Dog relaxation time

I decided to help distract her with one of her favorite activities, fighting Riley.

dog fight!

It seemed to have done the trick.

happy dogs

Some things never change. After all these years, the dogs are still happiest when they're together.

back in the day

Meanwhile, the ducks continue to be ducks

duck

The Brain Does Not Know What the Mouth Is Doing

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Before leaving to visit my parents for the weekend, I decided to stop by the store and pick up a few things. After grabbing a few essentials I went to the cash register where the following conversation took place:

Cashier: Hello sir. How are you?

Me: Alright

Cashier: Oh fine, fine. And yourself?

Me: Uh.... fine

Cashier: That's great. Do you want a bag for that?

Me: No thanks

I quickly paid for my items and got the hell out of there. The day when every store on the planet has an automated checkout aisle cannot come fast enough.

Backloggery

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For the past couple of weeks, it seems like I've done nothing but read about Mass Effects 3's ending. I'm either pouring through long, elaborate lists of what's wrong with it or reading news stories about how people are demanding Bioware "fix" it. I think I've finally passed the point of not caring anymore.

Look.... I'm as disappointed with the ending as most other Mass Effect fans, but it is what it is. A bad ending isn't some bug that can be patched. It was a narrative choice made by the game's writers. Most people may not have liked it, but that's how they chose to end their story. Laura Parker is right. Creating some kind of DLC to add to or change the ending would cheapen the idea of video games as an art form. They don't change the content of already released books or films because of fan feedback, why should they change a game's story? And even if Bioware somehow managed to create a perfect ending to Mass Effect 3 that pleased everyone, it would never have the same impact as the ending we saw when we first completed the game.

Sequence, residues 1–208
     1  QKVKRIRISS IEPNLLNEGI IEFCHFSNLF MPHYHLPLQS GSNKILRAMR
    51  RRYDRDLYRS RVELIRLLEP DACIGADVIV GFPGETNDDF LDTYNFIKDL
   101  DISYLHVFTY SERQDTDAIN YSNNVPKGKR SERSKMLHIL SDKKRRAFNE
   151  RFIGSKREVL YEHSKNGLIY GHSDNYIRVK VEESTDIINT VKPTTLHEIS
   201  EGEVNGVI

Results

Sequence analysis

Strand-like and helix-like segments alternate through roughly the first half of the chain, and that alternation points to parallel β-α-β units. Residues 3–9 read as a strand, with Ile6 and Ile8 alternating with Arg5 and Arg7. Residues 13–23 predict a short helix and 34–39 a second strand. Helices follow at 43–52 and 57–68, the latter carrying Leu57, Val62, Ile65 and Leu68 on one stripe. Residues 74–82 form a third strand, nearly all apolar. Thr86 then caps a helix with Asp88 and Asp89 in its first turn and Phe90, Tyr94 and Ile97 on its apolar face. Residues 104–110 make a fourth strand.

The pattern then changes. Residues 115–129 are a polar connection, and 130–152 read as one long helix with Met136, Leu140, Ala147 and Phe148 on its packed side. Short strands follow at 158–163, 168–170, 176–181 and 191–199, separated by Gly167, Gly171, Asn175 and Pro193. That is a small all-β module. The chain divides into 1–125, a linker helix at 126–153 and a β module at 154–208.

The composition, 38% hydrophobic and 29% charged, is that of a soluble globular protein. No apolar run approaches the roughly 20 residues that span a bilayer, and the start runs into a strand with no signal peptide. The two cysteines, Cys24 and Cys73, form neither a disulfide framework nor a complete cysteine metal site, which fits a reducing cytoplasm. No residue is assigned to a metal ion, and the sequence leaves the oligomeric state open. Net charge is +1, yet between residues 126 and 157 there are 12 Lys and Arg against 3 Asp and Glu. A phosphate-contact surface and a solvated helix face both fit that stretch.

I still maintain that most of Mass Effect 3 is an excellent game. It just happens to have some of the most disappointing last moments in any form of entertainment that I've ever experienced. After beating the first 2 games I almost immediately dove back in to them for another playthough. But thanks to that ending, or maybe the endless discussions about that ending, my enthusiasm for the Mass Effect universe is gone. And I don't think any DLC is going to bring it back.

Hopefully that will be the last thing I have to say or read about Mass Effect 3's ending for a very long time.

It's probably a good thing I'm not eager to replay a game I've just finished. After all, I have *a lot* of untouched games that I need to get to. It's taken months of people suggesting it to me for me to finally do it, but I've added my entire backlog to backloggery. It may not be 100% complete. I think there are a few XBLA titles that I still need to add. Still, what's there is.... daunting.

I've taken my first steps toward clearing that massive game pile by starting Skyrim. I should be able to finish that one by the weekend, right?

Is This the Emotion You Call 'Joy'?

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Nine days. Nine days with no one having long, personal conversations on their phone right next to me as a ride the train. No one in front of me stopping short for no reason as I walk down the sidewalk. No one jamming the copier and then asking me for help even though there's a diagram on the screen with a big arrow pointing right at the area where the paper is jammed. Nine glorious days with no human contact all. I cannot remember the last time I have felt happier.

But all good things come to an end. Tomorrow, I will have make the trip to that loud, crowded, filthy city known as New York. For the past few days I've tried to force the inevitability of my return to work into the back of my mind, but as it get closer to bed time today, I'm finding it harder to stop thinking about what tomorrow might bring. How long will these good feelings I currently have last? How long before the sea of humanity I have to wade through in the morning sucks every bit of relaxation out of me? I don't want to think about that, but I can't help myself.